Ghosts of Christmas Past: Finding Your Future Device
Everyone has fond memories of their first device: the joy of the first purchase: the awe of the first boot, exploring the features you were promised, and finding those that were not mentioned. It’s a wonderful journey, and we all loved ours. The feeling of getting a new device and being elated with it is something we at the XDA office can relate to well.
But then, the honeymoon phase of the device starts waning. At first, you notice the odd stutter. That split second lag on pulling down the notification shade. You start noticing how unusually the battery behaves when it shouldn’t otherwise. You see the weird frame drop every now and then. You find that one combination of taps that makes a particular system app crash.
Slowly, little by little, piece by piece, your imagery of a perfect device gets tarnished by the air of reality. You snap out of limerence from your newest purchase and see that it regularly takes three seconds before a call is initiated. You start feeling the discomfort in your hands in holding a phone with dimensions you are not accustomed to, and realize that they are simply out of your comfort zone. “Hmmm, that’s a very bizarre positioning of the power button, I just can’t seem to hit it reliably, ever”, you wonder. You also have people pointing out things that you were oblivious to at first, like that dead pixel on the top corner. And now that they have pointed it out, that is the only thing you notice, all the freaking time. Over time, the issues keep mounting and mounting. You’re out of warranty, but still have almost a year before you can get a new phone. You bear the burdens as long as you can. Until one day, when you decide to take things into your own hands.
That’s how a lot of our stories begin over here at XDA Developers. We purchase phones after we were sold by the marketing of the company, only to realize that the other side of the coin was cleverly hidden. No sane company mentions the problems of their own products, but the customers are the one who ultimately have to live with the issues and limitations. As a gathering of like-minded individuals who all aim to get the best use of their device, XDA Developers fills in the void of long term support that we very rarely see OEMs provide.
My personal story on XDA started off back in 2011, after I finally joined the forums to reply to someone who had a question with the Samsung Galaxy Fit S5670. I was a lurker for around a month before that, as I accidentally stumbled onto a knowledge trove of Android while trying to troubleshoot some of my phone’s issues.
“Q: Guys, I wonder, can our Fit can play 720p videos?
A: Try QQPlayer from the market…though as said above, it will lag…but its worth giving a shot… ”
When I started off, I was a normal, typical XDA user that one would expect to find in 2011. The Android revolution had just started, and the smartphone goodies were starting to make their way to India. I started off with a phone gifted to me by my parents, a low-end Samsung Galaxy Fit S5670. The phone was marketed as an “in-between” phone between two popular devices: the Samsung Galaxy Mini S5570 below it and the Samsung Galaxy Ace S5830 above it. Samsung did not spend too much into promoting my device, but it invested a sizable chunk into advertising the other two. The Mini was among the first budget offerings of Samsung to release on Froyo and be promised an upgrade to Gingerbread, while the Ace featured a better processor and improved camera. The Fit kinda just hung in the middle, featuring the same processor as the Mini, but the improved camera from the Ace.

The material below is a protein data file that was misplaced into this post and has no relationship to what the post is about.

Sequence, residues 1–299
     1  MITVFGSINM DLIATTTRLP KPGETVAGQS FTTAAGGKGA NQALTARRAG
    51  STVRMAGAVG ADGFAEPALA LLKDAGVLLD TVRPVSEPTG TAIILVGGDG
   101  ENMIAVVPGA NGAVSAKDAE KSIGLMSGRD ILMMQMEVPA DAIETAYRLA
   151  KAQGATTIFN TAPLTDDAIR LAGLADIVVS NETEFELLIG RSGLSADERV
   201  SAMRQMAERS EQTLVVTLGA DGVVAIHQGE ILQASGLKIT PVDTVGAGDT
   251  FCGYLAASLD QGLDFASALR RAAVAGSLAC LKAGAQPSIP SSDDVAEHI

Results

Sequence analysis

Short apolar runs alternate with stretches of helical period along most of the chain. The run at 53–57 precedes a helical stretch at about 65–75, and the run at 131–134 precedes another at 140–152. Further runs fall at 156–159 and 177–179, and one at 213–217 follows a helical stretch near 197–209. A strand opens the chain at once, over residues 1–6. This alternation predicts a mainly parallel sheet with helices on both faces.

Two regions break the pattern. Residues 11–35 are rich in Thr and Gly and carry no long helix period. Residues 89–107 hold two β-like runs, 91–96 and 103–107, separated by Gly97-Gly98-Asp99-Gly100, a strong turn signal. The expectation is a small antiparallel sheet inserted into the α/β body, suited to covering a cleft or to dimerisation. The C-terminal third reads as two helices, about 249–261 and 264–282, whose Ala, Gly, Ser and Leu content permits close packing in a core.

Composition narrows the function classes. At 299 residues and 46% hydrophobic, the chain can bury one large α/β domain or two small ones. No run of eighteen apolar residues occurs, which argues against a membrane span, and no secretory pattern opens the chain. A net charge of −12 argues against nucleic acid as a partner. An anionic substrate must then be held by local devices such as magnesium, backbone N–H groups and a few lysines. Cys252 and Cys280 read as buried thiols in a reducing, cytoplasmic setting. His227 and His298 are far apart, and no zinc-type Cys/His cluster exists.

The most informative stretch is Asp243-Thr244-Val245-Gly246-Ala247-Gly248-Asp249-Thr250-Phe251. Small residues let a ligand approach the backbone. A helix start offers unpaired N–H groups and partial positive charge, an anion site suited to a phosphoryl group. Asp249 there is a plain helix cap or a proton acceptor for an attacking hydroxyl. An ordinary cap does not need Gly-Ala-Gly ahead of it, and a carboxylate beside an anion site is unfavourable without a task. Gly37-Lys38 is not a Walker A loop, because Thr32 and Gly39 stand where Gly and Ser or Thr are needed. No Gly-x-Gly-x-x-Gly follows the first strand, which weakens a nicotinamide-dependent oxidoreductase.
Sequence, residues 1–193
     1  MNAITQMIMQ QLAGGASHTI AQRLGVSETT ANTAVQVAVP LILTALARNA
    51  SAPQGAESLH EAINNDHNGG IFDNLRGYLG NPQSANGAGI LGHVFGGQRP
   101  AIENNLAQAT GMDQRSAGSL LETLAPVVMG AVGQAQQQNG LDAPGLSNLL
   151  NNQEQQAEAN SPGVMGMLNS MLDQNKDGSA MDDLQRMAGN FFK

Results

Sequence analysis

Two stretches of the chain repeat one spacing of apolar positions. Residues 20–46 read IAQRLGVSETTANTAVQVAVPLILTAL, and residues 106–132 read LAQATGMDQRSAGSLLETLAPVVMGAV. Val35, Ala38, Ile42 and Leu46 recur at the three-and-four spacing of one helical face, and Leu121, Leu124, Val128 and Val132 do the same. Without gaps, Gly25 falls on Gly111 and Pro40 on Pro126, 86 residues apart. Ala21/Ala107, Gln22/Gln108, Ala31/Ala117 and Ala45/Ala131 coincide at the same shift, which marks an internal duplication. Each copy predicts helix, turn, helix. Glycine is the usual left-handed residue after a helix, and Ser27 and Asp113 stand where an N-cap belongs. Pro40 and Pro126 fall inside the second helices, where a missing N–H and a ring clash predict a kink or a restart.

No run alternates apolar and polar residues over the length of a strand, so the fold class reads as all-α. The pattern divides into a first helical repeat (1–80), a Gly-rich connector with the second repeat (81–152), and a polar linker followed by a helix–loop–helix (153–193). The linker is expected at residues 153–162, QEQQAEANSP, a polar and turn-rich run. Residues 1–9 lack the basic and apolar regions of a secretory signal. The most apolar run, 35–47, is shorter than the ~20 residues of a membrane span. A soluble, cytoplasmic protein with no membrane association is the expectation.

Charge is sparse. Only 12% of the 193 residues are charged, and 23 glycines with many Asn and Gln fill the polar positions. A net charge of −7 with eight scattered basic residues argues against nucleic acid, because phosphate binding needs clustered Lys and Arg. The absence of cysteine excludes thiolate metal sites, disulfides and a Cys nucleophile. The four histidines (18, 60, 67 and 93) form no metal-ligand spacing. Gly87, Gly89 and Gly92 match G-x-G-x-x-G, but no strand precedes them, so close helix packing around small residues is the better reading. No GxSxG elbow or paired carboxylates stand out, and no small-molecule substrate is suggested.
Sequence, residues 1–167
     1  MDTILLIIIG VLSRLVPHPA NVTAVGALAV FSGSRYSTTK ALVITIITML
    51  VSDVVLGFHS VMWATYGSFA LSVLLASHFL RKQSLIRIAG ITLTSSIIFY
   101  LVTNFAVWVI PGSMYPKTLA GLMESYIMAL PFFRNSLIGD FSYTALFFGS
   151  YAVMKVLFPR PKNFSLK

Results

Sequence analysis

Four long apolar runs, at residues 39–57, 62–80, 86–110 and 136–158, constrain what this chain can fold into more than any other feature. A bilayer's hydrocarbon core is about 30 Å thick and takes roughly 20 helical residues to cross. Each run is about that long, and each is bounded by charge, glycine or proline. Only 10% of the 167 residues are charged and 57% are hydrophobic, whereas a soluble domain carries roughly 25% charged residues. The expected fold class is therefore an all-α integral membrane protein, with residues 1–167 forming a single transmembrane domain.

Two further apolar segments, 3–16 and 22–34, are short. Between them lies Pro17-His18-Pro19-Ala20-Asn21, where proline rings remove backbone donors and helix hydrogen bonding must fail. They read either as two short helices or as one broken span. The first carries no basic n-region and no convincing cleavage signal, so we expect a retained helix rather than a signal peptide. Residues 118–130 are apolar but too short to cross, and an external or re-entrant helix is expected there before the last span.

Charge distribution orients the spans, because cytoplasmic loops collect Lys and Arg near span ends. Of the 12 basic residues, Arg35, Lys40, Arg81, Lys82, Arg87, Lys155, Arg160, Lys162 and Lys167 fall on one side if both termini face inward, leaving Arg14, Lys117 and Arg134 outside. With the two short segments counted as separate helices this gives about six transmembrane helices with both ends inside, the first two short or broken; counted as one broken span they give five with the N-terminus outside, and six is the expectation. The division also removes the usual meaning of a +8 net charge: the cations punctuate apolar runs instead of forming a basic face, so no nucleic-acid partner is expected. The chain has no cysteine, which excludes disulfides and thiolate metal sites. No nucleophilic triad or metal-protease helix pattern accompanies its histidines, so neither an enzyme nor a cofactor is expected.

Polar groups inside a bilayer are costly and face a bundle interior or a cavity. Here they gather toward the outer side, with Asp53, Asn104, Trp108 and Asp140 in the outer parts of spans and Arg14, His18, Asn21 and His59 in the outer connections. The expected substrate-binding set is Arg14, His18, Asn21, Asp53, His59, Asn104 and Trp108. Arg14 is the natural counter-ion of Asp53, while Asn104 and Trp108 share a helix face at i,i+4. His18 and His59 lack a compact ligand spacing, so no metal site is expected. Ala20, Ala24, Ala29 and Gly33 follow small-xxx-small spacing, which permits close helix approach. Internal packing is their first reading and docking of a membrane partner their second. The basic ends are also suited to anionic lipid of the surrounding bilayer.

The problem with these offerings from Samsung were how they were advertised as coming with expandable storages. Analyzing the Android scene back in 2011 (the Galaxy S II was launched in that year) and the pricing strategy adopted by Samsung for these products, it was no surprise that a lot of people would be picking one of these three devices as their starting launchpad into the world of Android, and quite likely, the world of smartphones itself. These would be the people who would have very little idea about what worked how, much less have knowledge to look for the fine print about some of the more technical details of the device.
The Galaxy Fit S5670 came with a paltry 160MB of internal memory. Once you boot the device, the system clean swipes 30-40MB of that storage for various needs, leaving you with 120MB of storage. Then the apps on your phone, which came pre-installed on the system partition, receive updates via the Play Store (Android Market back then) and these updates land on your data partition. Depending on which apps you update, and the update to Android Market itself, one usually had only 60-70 MB of internal storage left for user applications! That was a very poor state to leave the consumer in after just unboxing the device.
Whilst you technically had “access to tens and thousands of Android apps and games via the Android Market and Samsung Store”, you could have at most 5-7 apps at any one point on your device. Games? Forget about those unless you wished to be haunted by the constant “out of storage” notification and never wanted to receive a new text message or save a new contact ever again. It was a constant struggle finding the right combination of features that you enjoyed with features you needed — too much of one, and you had to give up the other.
The one takeaway that I had from this experience was that I vowed to never get another device with such limitations on internal storage. Even if it meant not getting a new device at all, I simply would not have purchased another phone with poor internal storage. Going through those same issues all over again was something I did not wish upon myself, and when I did purchase a phone, I plopped in some more cash and went with the 64GB variant (which had over 54GB available for the user, if I recall correctly) over the 16GB variant (which had 12GB for the user, too less without sd card support).